The lights are going out on a coherent UK energy policy, Unite, Britain and Ireland’s largest union, said today (Thursday 17 January), as Hitachi suspends work on the Wylfa nuclear power station.

Unite said that today’s announcement that Hitachi was halting construction at the site on Anglesey was ‘the latest chapter in the sorry saga of recent UK energy policy’.

Unite pinpointed a number of factors that are leading to a crisis over how the energy needs of businesses and households will be met in the decades ahead:

• The withdrawal of Toshiba from the Moorside nuclear power station project in Cumbria in November

• The controversy over the financing of the Hinkley Point nuclear in Somerset being built by French company EDF, with a stake from Chinese state-owned investor CGN

• Security concerns over future Chinese involvement in the UK nuclear programme

• The reluctance of the Tory government to commit to large-scale funding of infrastructure projects.

Unite national officer for energy Peter McIntosh said: “The decision taken today by Hitachi is a disaster for the UK economy and future energy needs of the country. It is the latest chapter in the sorry saga of recent UK energy policy.
“This government should be held to account as it has no coherent policy and has, yet again, let the country down. The lights are going out when it comes to energy policy.

“There are very real concerns over how we will keep the lights on for industry and consumers in the coming decades.

“Without Wylfa being built, there is no way the country can meet its climate change obligations which it committed to when it signed up to the Paris Agreement in 2016.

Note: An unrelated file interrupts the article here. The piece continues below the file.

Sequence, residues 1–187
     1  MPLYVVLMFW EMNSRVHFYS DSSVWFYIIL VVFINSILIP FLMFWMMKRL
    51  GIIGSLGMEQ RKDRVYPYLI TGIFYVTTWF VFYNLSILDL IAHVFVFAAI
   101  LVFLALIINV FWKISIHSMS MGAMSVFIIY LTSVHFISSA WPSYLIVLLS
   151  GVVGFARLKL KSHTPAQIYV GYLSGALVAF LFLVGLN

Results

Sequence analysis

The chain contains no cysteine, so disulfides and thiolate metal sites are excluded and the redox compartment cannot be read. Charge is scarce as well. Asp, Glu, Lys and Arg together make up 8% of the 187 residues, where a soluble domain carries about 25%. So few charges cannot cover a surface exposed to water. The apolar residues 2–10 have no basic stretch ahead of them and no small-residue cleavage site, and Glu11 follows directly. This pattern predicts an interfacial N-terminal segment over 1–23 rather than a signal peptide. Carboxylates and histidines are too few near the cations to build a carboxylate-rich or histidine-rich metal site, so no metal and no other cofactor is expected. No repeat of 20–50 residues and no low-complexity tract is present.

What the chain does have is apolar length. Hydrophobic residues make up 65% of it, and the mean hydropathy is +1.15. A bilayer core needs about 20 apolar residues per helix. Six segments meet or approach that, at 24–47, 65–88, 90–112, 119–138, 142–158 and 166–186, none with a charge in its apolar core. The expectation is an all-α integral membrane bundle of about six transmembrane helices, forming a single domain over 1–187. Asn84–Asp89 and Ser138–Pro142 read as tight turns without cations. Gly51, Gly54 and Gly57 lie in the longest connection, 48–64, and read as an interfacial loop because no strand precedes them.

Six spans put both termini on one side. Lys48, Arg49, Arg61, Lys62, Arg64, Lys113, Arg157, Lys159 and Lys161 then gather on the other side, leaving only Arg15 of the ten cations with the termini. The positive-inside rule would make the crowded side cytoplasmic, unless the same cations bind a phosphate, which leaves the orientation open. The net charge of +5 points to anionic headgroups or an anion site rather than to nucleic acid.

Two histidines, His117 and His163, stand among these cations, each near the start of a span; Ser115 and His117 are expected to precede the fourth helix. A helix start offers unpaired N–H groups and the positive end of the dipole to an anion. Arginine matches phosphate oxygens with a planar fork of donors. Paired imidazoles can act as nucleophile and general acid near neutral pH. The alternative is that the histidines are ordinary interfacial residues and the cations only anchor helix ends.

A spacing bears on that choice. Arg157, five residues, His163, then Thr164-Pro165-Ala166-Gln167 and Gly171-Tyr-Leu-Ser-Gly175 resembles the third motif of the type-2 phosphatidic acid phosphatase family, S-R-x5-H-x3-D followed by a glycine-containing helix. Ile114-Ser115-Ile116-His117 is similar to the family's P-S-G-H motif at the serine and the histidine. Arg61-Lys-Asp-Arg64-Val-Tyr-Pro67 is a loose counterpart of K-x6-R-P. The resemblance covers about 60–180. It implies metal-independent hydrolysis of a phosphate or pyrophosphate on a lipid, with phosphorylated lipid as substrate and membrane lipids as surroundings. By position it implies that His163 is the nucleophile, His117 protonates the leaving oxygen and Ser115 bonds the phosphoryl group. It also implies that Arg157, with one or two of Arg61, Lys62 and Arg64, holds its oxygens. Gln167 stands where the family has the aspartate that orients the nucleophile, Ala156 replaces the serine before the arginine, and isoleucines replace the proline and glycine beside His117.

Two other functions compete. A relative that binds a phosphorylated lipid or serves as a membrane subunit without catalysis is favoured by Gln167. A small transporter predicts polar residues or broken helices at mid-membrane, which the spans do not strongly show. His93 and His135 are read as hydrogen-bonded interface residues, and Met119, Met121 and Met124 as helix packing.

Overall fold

“We need to replace the current generation of nuclear plants and Wylfa is a key part of that programme.

“Business secretary Greg Clark needs to step up to the plate and recalibrate energy policy with a vigorous commitment to substantial government funding for large-scale energy infrastructure projects.

“Government energy policy in recent times has been littered with controversy and confusion from Toshiba pulling out of Moorside to the flawed financing model for Hinkley Point – and now Wylfa.”

Unite Wales regional secretary Peter Hughes said: “This is devastating news for the Welsh economy and, in particular, that of north west Wales. The future regeneration on the region has been based upon the bedrock that Wylfa Newydd would proceed.

“For that to now be suspended is a hammer blow to the future prospects of some of most economically deprived communities in the whole of Wales.

“Although this decision has ultimately been made by Hitachi, the UK government must take a massive share of the blame. It has failed miserably to put its full weight behind this bid and to effectively advocate the case for Wylfa Newydd.

“For the prime minister Theresa May to fail to raise Wylfa Newydd with the Japanese prime minister Shinzo Abe last week was shameful.

“The UK government’s complete obsession with its disastrous Brexit strategy has meant it has completely took its eye off the ball in getting this crucial infrastructure project over the line.

“Theresa May’s government is failing Wales at every turn.”


Notes to editors:

For more information please contact Unite senior communications officer Shaun Noble on 020 3371 2060 or 07768 693940. Unite press office is on:  020 3371 2065


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Unite is Britain and Ireland’s largest union with members working across all sectors of the economy. The general secretary is Len McCluskey.